"Philosophy" means -- literally -- love of wisdom. The word was coined to refer to those who don't settle for simple answers to big questions. They seek deeper truths, and they are willing to look beyond what is superficial and conventional to discern what is real. They don’t let others think for them. They want to figure things out for themselves. For this reason, of course, philosophy is not for everyone. If it is for you, we can help.
Traditionally philosophy has been a quest for truth and wisdom. It primarily concerns itself with those fundamental beliefs by which people have tried to make sense of their lives - to understand people and their place in the universe. In this quest, it has focused attention on three questions:
What can we know? (epistemology)
What is reality? (metaphysics)
How should we live? (ethics)
Following Socrates who held that "the unexamined life is not worth living" philosophy has always been critical and analytic but it has also been synthetic and comprehensive, developing into the classic speculative systems of Plato, Aristotle, Hegel, and others. The study of philosophy involves serious study of the works of the great philosophers, a mastery of philosophical methods, and serious inquiry into major philosophical issues. To be a philosopher is to devote one's efforts to the clarification of these issues and to search for sound understanding.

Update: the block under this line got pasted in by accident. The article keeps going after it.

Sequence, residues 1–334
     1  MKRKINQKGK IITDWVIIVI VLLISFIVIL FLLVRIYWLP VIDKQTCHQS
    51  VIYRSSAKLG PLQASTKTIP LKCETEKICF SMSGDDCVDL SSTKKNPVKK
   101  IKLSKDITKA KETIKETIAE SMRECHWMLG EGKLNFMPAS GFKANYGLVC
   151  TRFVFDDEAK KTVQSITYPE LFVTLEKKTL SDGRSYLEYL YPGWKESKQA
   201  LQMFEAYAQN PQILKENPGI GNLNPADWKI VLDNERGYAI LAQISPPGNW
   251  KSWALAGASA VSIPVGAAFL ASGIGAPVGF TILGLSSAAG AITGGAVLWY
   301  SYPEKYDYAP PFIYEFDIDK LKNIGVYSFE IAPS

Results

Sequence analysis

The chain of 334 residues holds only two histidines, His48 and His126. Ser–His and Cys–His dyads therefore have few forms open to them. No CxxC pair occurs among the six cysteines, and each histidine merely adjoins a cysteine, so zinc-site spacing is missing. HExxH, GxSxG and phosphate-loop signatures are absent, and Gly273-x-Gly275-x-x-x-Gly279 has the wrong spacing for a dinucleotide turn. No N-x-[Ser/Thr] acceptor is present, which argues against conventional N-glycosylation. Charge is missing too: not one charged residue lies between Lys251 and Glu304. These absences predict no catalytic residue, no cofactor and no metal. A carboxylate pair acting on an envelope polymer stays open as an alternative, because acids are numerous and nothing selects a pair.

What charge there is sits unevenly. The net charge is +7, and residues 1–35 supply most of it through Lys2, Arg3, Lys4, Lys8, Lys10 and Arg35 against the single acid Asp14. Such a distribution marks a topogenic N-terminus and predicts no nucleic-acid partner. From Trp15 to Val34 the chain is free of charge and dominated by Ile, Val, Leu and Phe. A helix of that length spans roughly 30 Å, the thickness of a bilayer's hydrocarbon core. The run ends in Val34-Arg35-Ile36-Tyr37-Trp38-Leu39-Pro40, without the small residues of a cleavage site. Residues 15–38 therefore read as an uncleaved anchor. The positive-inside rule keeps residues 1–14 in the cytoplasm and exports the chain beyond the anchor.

Courses in philosophy at Wittenberg are designed to explore the full range of theories concerning the nature of people and their place in the universe and to develop ideas that can help students make sense out of both facts and values. They are intended (1) to equip the student with the basic tools of philosophical analysis, tools for dealing with those basic problems, principles, concepts, and methodologies that occur in other disciplines or fields of inquiry, (2) to provide the student with an understanding of the basic ideas that have shaped and still shape our cultures, both Western and non-Western, and (3) to furnish the student with opportunities to engage in the personal exploration of the meaning of life.
The Wittenberg Philosophy Department currently consists of three full-time and one or more part-time members. The academic background and interests of the faculty span the full range of philosophic styles and assure a broad exposure to the field. Department offerings include a comprehensive set of standard courses and a variety of topics or special interest courses.
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Stand-Up Ethics Program (STEP)
The Stand-up Ethics Program (STEP) seeks to provide young adults with tools, such as critical reasoning, evaluative, and implementation skills, that are needed to recognize, assess, and respond to moral problems. Furthermore, STEP seeks to develop ethical sensitivity to a variety of perspectives that are generated by complex moral issues.
STEP takes Wittenberg University’s motto “Pass it on” to the community with its commitment to fostering moral literacy and ethical leadership in and among young adults in the Springfield Community.